Teoni Spathelfer is a hereditary member of the Heiltsuk Nation from coastal B.C. She has worked as a publicist; a radio journalist, host and producer; and an arts and music writer. Her documentary Teoni's Dream, informed by her mother's residential school experience, has aired nationwide on CBC Radio.

Spathelfe's first book is about a young Indigenous girl who moves to the big city and learns to find connections to her culture and the land wherever she goes, despite encountering bullies and feelings of isolation along the way.

The second book in the series is about Little Wolf's mother, White Raven who was one of the 150,000 Indigenous children from across Canada who were forced to go to residential school. Eventually, White Raven shares her story with her grandchildren and begins to heal. It brings her family closer. This is a story of survival, healing and family unity.

The third book in the series is Abalone Woman. From publicity: "Throughout her life, Little Wolf has been troubled by the injustice she sees all around her. When she was young, she was bullied for her Indigenous heritage. Her mother, White Raven, spent ten years in a residential school, separated from her family and isolated from her culture. Little Wolf’s own children are growing up in a different, more open society, but hatred and racism still exist. Little Wolf worries about the world her daughters will inherit. One night, a vivid dream helps her realize her own strength as a leader and peacemaker in her community. Told with powerful imagery and symbolism, Abalone Woman presents themes of racism, trauma, and family unity through relatable, age-appropriate narratives."


Little Wolf (Heritage, 2021) $19.95 9781772033472. Illustrations by Natassia Davies

White Raven (Heritage, 2022) $19.95 9781772033779. Illustrations by Natassia Davies

Abalone Woman (Heritage, 2022) $19.95 9781772034110. Illustrations by Natassia Davies

[BCBW 2022] ILMBC2

White Raven by Teoni Spathelfer
(Heritage House $19.95)

In her debut book, Little Wolf (Heritage, 2021) Heiltsuk hereditary member Teoni Spathelfer introduces a young girl who must leave her beloved Indigenous village surrounded by nature and move with her family to the big city. It’s not easy adjusting to the concrete jungle, however Little Wolf learns to find connections to her culture and the land wherever she goes, despite encountering bullies and feelings of isolation along the way.

White Raven (Heritage $19.95) is the follow-up and is named after Little Wolf’s mother who was one of the 150,000 Indigenous children from across Canada forced to go to residential school.

Little Wolf is now grown up, married and has three children. The family moves back to the island where Little Wolf was born and she delights in showing her daughters the wilderness and local Indigenous culture.

They particularly enjoy a white shell beach, called a midden. “This was an ancient place, where First Nations people had harvested food and gathered for meals for as long as anyone could remember,” writes Spathelfer. “Along the seashore, they watched orca whales swimming and listening to sea lions barking on foggy days. In the forest, they laughed with pileated woodpeckers and smelled the wildflowers as eagles soared overhead.”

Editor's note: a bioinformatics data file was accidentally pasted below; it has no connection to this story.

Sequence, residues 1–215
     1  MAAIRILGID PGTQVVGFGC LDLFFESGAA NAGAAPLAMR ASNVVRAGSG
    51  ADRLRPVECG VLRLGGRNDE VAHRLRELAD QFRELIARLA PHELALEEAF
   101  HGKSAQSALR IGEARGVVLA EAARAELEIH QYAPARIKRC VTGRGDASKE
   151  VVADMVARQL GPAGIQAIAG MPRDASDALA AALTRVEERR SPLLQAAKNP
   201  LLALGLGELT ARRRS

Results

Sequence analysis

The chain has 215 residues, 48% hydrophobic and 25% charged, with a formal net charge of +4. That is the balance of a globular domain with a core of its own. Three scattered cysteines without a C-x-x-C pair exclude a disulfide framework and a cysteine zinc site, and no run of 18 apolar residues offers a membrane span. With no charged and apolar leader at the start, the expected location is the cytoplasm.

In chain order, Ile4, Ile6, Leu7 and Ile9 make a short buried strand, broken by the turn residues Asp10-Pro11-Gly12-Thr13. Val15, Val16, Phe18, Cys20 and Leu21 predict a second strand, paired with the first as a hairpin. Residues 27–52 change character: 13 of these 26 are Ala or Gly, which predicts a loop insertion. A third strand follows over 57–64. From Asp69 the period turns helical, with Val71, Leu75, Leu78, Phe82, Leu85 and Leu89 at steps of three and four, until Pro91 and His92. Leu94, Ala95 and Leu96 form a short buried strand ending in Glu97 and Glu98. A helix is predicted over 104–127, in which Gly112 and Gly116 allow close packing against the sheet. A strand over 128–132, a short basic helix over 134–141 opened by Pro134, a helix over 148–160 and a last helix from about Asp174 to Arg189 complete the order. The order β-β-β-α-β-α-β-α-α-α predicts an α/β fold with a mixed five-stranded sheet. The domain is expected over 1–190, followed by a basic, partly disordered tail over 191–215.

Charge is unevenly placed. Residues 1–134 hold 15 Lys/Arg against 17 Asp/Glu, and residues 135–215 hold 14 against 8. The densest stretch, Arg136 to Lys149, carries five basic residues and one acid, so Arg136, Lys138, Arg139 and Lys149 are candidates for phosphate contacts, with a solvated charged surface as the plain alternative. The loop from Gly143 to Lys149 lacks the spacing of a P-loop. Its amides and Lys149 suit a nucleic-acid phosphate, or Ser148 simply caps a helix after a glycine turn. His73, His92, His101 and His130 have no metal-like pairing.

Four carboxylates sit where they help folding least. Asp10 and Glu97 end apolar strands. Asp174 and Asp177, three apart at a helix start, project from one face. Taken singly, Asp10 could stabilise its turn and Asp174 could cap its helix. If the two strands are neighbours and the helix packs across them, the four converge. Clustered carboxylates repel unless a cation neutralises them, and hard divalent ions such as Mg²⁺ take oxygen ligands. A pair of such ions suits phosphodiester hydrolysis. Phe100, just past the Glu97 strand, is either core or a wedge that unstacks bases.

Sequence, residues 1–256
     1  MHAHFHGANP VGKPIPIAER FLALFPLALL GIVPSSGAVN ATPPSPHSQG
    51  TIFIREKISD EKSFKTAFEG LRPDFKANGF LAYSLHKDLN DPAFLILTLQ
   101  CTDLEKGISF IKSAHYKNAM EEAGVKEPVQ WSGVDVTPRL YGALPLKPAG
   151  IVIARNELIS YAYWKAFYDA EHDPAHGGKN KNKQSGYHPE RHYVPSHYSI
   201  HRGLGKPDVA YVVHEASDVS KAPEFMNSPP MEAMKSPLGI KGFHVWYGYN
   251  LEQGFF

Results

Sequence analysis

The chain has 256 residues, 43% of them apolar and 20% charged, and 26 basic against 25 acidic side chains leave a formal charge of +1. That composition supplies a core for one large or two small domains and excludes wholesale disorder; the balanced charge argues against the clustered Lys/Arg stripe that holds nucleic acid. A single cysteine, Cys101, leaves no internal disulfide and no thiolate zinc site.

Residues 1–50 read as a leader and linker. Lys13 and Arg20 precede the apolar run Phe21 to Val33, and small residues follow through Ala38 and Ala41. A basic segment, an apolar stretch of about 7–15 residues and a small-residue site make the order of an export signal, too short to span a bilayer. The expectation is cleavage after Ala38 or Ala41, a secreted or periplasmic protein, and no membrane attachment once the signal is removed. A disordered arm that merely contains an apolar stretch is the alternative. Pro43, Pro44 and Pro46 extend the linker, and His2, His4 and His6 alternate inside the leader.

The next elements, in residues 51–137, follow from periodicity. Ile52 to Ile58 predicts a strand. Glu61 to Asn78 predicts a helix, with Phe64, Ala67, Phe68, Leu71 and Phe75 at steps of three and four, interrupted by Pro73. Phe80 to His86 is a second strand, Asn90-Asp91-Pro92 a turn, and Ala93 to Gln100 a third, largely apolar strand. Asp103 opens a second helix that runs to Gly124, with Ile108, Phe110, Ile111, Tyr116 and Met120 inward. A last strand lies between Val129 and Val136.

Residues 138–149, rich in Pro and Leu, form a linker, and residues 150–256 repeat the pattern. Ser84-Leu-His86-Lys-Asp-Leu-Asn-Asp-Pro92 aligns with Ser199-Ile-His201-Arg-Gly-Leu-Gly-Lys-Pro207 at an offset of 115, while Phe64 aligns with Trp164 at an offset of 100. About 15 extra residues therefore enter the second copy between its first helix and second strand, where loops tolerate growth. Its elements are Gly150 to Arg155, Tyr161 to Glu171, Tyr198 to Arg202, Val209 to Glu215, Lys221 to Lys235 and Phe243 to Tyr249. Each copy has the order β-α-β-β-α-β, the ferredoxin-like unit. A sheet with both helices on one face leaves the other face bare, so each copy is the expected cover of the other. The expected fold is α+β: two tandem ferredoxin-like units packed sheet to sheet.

Little Wolf’s mother, whose nickname is White Raven, also returns for visits to the island home and is glad her granddaughters are able to explore and learn about the area. But White Raven is also reminded of her unhappy times at the St. Michael’s Indian Residential School in the far-away village of Alert Bay, which she knows must be shared with her granddaughters.

White Raven eventually begins to tell her stories about having to leave her village and family at the age of six to stay at the residential school for ten months every year. “They lived in the school dormitories, where many beds were crammed into one big room,” writes Spathelfer. “Most nights, White Raven couldn’t sleep.

Someone in the room was always crying because they missed their families.” Many bad things happened. White Raven and the other children had their heads shaved and a dangerous pesticide called DDT applied to their scalps. The school wrongly thought everyone had lice and the DDT was supposed to kill the bugs but it burned the children’s skin “and made them feel like they weren’t good enough.”
The children weren’t fed enough and the food was often rotten. White Raven “sometimes ate toilet paper to make the hunger go away.” She had to work picking up garbage, washing dishes and milking cows. The children never got to drink the fresh milk, which was kept for the staff; instead, the children were given watered-down powdered milk.

White Raven had cousins and sisters nearby at the school and sometimes they were able to play together. There was also a teacher that was nicer than the other staff who took care of White Raven when she was sick.

“Another thing that cheered her up during her time at the school was a rare white-coloured raven, which often landed close to her on the playground,” writes Spathelfer. “It made her happy to see the beautiful bird, and reminded her that she was part of the Raven clan. This is how she got the name White Raven!”

Telling her stories helped White Raven heal and brought the whole family closer. The third book in the series is Abalone Woman (Heritage $19.95) and it will continue with Spathelfer’s themes of racism, trauma and family unity through relatable, age-appropriate narratives. Illustrations in all three books are by Victoria-based artist Natassia Davies who is of Coast Salish ancestry.
White Raven: 9781772033779
Abalone Woman: 9781772034110
(BCBW 2022)